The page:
Microsoft’s new Surface Laptop says nothing about the future of technology. The team in Redmond didn’t concern itself with the way things will be in 2025—which ports users will want, what kind of device they’ll use, how they’ll feel about bezels. Instead, Microsoft built a laptop optimized for 2017.
Microsoft Surface Laptop
Contrast that approach with Apple’s MacBooks. To trim every millimeter from its laptops, Apple invented a shallower keyboard. It ditched standard USB ports, embracing USB-C and hoping everyone else will do the same. And the TouchBar? Don’t even go there. Apple doesn’t make the laptop you want now. It makes the laptop you might want four years from now.
But if you asked 1,000 people what they want in a laptop today and put it all in a $1,000 package, you’d get something like the Surface Laptop. After a week with a burgundy review model, I can say it looks and feels fantastic, especially the fabric covering the keyboard and trackpad. It’s a terrific laptop, once you upgrade the hopelessly crippled version of Windows that comes installed. (More on that later.) The future of laptops looks messy, expensive, and bedeviled by dongles, but the Surface Laptop spares you the transition pain. Microsoft built a right here, right now laptop, and a damn good one at that.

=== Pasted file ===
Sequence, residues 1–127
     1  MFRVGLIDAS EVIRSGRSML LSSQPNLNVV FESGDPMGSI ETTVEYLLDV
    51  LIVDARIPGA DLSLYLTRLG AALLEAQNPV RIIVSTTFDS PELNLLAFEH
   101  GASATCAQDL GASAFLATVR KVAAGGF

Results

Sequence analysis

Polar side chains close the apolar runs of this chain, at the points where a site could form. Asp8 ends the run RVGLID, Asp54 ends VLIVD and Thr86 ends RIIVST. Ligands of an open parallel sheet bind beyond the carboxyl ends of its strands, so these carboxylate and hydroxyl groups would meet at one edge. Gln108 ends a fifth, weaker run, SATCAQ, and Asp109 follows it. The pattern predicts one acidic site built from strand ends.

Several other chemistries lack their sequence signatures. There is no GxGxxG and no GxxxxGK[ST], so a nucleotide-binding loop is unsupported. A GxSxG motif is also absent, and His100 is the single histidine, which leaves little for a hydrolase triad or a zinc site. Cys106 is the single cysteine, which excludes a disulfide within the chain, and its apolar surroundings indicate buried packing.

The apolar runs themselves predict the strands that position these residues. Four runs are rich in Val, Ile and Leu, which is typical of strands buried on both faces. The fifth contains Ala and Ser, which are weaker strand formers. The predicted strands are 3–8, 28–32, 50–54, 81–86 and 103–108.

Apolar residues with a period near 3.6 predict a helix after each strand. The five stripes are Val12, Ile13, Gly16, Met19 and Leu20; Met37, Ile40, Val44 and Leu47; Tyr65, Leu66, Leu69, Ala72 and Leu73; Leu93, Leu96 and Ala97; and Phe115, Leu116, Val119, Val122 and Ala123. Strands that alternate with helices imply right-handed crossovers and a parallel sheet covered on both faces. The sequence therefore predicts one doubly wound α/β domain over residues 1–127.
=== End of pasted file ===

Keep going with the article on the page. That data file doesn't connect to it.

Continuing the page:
Open and Shut Case
The Surface Laptop sports a tapered clamshell design, slightly wider at the back than the front, with a 13.5-inch, 2256×1504 screen secured with a sturdy hinge. At 2.76 pounds and about half an inch thick, it slightly undercuts the 13-inch MacBook Air—already a remarkably small device for the money. You can buy it with Intel’s Core i5 processor or the more powerful i7, choose between 4, 8, or 16 gigs of RAM, and 128, 256, or 512 gigs of solid-state storage. (Mine featured an i5 with 8 gigs of RAM and 256 gigs of storage.) The battery falls well short of Microsoft’s quoted 14 hours, unless all you’re doing is looking at the thing, but I saw a solid nine or 10 hours on most days.